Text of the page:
Healers Are Always in Demand: The Corporate Parallels of Class Specialization and Instance Roles

During my time in Azeroth, I’ve become captivated by dungeons.  I’m sure we’ve all run at least one by now, so we know that the game prompts you to select one of three roles before you can be queued: Tank, Healer, or DPS (damage per second).  Depending on your class and specialization, you may only be allowed to select one role.  For example, as a Mistweaver Monk, the healing specialization for the monk class, I was only allowed to choose Healer for dungeons and battlegrounds.  Now, as a Brewmaster Monk, the tank specialization, I can only choose Tank.  My argument in this post centers around specializations as similar to higher education, giving you skills for a specific job, a specific role, within the larger framework of society.  For the purposes of the game, “society” should be taken to mean guilds and instance groups for dungeons and battlegrounds, the primary modes of cooperative play in WoW.

We’ve all had to climb beyond Level 10 with at least one character, so we know that Level 10 is when the game prompts us to choose a specialization for our character.  Every class has three specializations, each with different abilities granted at Level 10 and setting the path for abilities gained at later levels.  For some classes, like Monk, the specializations correlate to each of the three instance roles.  Other classes have two roles available, like Warrior, which can be built for either Tank or DPS.  Finally, there are the classes that are meant to primarily serve one instance role, such as DPS in the case of Hunters and Rogues.  Specialization isn’t the only factor in the instance role a player can fill in practice, but the game assumes a role for a player based on their specialization, and the role a player selects determines how the other players expect them to act.  For example, a Druid who enters an instance as DPS may have a spell that can resurrect her fellow heroes, but unless she shares that information at the start, nobody will expect her to resurrect; that is assumed to be the healer’s job.  Similarly, nobody expects a hiring agent in Human Resources to do IT for the company.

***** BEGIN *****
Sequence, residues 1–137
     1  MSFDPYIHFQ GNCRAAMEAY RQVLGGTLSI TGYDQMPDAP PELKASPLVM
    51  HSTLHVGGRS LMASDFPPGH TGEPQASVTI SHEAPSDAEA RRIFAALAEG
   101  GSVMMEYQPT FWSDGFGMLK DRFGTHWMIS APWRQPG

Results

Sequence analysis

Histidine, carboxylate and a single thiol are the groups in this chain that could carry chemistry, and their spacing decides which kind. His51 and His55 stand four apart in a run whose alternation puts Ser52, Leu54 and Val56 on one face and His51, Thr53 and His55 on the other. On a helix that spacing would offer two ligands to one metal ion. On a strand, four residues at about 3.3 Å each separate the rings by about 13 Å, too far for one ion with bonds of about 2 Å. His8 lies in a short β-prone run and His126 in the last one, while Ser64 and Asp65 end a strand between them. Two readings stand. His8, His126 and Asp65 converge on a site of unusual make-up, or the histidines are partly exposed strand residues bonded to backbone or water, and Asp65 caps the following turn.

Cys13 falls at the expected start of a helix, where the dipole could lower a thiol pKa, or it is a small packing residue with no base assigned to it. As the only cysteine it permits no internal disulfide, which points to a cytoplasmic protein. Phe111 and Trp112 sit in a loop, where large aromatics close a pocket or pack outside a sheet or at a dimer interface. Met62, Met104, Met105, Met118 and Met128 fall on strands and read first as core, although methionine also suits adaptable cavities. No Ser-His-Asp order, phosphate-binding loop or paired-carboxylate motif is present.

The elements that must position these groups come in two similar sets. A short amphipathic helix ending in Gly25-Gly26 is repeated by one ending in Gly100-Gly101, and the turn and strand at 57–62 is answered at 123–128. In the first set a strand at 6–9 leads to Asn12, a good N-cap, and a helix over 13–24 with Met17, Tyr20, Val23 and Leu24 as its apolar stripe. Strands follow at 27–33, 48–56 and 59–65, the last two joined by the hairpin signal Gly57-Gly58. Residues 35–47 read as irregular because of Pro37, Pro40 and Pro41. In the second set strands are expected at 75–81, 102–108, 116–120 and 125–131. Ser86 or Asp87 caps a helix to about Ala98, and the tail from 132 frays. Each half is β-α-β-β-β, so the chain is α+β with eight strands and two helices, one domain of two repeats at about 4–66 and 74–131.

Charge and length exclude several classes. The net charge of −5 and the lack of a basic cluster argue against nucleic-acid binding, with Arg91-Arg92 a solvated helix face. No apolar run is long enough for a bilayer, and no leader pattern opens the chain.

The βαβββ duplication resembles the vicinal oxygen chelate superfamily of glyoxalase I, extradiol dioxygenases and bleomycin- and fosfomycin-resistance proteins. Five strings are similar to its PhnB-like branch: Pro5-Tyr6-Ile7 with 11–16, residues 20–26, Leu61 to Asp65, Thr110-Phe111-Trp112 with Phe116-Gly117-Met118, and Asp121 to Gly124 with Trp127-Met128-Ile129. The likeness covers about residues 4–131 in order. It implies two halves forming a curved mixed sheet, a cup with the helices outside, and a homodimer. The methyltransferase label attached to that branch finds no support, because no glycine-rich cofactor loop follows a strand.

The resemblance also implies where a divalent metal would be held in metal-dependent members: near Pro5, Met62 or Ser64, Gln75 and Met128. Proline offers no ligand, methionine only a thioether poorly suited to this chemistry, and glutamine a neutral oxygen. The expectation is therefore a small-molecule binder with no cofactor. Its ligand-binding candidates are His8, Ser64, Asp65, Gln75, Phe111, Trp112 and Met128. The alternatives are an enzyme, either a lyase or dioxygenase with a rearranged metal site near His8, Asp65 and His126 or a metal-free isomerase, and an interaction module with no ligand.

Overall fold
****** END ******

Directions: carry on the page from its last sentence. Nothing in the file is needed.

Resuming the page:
Specialization makes me think of college.  Choosing a specialization is much like choosing a major.  By taking courses in a particular major in college, you learn skills that prepare you for a job, a career, applying those skills.  Many argue that there is tremendous pressure involved in selecting the path of the rest of one’s life at the age of 18 or 20 when a healthy person can reasonably expect to live until 70.  When you obtain your major, you cannot go back and change it, but you can pay for further classes in a Master’s or doctorate program.  Like your major, your WoW specialization tells other members of society your qualifications.  As of the Warlords of Draenor expansion, the maximum level for player characters is 100.  You choose a specialization when you are one-tenth of the way to the level cap, which, going by a fraction metric, is much earlier than you are asked to choose a major in college in reality.  Like a major, once you have chosen a specialization, you are locked into it unless you pay a class trainer to unlearn it, and only then can you choose a different specialization.  It becomes more expensive each time you ask to unlearn your specialization, just like further higher education becomes progressively more expensive.

Your specialization is your qualification.  Both the game (the corporation) and other players (fellow employees) have certain expectations based on your specialization.  You need to know what’s expected of you to be considered a valuable player in a cooperative instance setting, just as you need to know what is expected of you in a company in meatspace.